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Taking note . . .

Observations about public affairs in the nation’s capital
by the editor of The Common Denominator

RAMSEY'S PENSION: Metropolitan Police Chief Charles Ramsey became the District's longest serving top cop since enactment of home rule when he passed his eight-year anniversary on the force in late April. Mayor Anthony Williams decided to use the occasion to remind D.C. City Council members that the controversy surrounding Ramsey's pension remains unsettled.

The last time Williams asked the council to consider a special retirement package for the chief, the effort was stopped dead in its tracks by Ward 3 Councilwoman Kathy Patterson. As then-chairman of the council's Judiciary Committee, Patterson protested that the Williams administration had not made its case that Ramsey was entitled to more than the standard policeman's pension.

Williams considers the matter a question of equity for Ramsey, who came up through the Chicago Police Department but left a top spot on his hometown's force when he relocated to take the then-troubled helm at MPD. "I'm asking that we ensure he doesn't suffer because of his decision to come to D.C.," Williams said.

Under the city's retirement plan for police officers and firefighters, Ramsey would be entitled to receive a pension of $44,000 a year, but the mayor wants the council to raise that amount to $60,000 a year for the chief. What, if any, pension Ramsey may receive from his days in Chicago remains unclear.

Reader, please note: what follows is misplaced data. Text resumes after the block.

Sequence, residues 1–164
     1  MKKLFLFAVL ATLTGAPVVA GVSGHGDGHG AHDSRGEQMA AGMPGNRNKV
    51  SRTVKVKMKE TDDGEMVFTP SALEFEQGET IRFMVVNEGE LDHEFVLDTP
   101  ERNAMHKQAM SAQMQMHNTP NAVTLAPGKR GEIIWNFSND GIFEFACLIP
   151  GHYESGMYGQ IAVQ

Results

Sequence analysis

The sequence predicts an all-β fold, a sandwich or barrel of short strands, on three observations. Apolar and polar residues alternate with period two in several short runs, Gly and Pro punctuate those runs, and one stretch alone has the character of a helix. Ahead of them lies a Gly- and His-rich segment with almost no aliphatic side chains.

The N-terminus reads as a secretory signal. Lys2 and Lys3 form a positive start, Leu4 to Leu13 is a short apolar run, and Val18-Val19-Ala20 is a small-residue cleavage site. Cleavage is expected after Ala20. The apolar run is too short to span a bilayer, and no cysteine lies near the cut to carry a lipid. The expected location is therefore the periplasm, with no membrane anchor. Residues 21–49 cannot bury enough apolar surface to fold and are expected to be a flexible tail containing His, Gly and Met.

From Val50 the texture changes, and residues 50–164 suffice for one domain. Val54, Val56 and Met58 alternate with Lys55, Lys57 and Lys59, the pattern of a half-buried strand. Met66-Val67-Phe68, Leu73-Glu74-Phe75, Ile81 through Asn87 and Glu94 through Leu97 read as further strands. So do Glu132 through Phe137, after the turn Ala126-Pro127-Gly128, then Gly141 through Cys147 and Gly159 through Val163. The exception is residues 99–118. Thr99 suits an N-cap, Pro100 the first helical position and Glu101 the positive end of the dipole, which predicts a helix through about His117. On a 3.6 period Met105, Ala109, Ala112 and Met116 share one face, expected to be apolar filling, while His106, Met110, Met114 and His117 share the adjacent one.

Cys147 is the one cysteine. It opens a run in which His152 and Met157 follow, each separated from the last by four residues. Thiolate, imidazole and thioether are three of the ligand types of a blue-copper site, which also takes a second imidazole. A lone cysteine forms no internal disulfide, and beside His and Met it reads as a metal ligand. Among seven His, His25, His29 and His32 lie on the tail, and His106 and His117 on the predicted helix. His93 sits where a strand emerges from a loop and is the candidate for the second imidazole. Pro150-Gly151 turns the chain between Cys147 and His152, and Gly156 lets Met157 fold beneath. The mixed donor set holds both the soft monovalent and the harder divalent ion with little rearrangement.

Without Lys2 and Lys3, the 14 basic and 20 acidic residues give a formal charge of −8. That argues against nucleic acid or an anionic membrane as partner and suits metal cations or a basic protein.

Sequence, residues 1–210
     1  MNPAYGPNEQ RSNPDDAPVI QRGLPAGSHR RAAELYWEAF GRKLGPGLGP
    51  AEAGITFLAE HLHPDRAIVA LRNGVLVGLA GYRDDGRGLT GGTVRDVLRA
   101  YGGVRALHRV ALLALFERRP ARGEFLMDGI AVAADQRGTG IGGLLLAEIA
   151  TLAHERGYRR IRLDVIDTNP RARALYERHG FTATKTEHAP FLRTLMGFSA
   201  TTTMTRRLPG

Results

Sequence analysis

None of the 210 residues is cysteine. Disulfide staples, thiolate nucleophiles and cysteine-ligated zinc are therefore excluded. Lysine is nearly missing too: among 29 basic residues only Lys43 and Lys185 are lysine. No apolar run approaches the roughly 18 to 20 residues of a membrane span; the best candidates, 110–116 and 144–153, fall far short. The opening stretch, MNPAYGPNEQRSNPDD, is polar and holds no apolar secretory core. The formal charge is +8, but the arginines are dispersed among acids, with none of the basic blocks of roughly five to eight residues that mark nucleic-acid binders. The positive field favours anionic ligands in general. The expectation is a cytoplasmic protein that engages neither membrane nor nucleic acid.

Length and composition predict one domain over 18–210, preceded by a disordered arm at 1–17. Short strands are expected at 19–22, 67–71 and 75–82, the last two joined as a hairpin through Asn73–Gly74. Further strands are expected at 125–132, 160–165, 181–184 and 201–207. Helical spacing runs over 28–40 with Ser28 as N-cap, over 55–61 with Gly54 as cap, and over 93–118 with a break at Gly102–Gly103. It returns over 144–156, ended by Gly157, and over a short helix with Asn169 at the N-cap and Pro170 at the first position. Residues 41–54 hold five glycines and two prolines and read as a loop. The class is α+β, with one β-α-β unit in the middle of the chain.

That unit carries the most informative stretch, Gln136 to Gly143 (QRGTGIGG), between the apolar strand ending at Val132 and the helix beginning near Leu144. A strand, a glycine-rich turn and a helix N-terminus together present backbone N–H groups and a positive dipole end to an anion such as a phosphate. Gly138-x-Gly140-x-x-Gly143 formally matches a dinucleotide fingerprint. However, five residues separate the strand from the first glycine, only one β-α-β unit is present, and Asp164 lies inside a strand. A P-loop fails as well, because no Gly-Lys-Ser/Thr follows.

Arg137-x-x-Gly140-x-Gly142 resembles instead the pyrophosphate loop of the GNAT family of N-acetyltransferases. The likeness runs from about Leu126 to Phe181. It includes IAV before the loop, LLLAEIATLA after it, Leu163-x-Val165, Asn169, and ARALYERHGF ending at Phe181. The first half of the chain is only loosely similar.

Out of curiosity, and for the sake of whatever comparison might be made, The Common Denominator recently filed a Freedom of Information Act request to learn about the deal that former police chief Maurice Turner took into retirement after eight years as MPD's top cop. Turner, a D.C. native who worked his way up through the ranks during more than 30 years on the force, died in 1993 and has been memorialized with MPD's police academy bearing his name.

According to Joan Passerino, chief benefits officer at the D.C. Retirement Board, Turner received an annual pension of $70,932 – paid in monthly installments – when he retired at the end of July 1989. Periodic cost-of-living increases raised Turner's pension to $83,568 a year by the time he died on June 16, 1993.

Apples and oranges? Maybe. Maybe not. Patterson called Turner's pension "good information to have." But is she any more inclined to support the mayor's special retirement package for Ramsey?

"I think it's still going to be up to them to make the case," she said.

OLD BELL'S FUTURE: Now that the new Columbia Heights Educational Campus – the name for the consolidated Lincoln Middle and Bell Senior High schools – has been dedicated and is in full use, the former Bell vocational school across Hiatt Place NW sits vacant awaiting the wrecking ball.

D.C. Public Schools spokeswoman Leonie Campbell tells us that work is in progress to select a contractor for the building's demolition to make way for construction of a new soccer field, which will give Bell's varsity squad real home turf for the first time. Construction of the new field is tentatively scheduled to get underway this fall.

Copyright 2006 The Common Denominator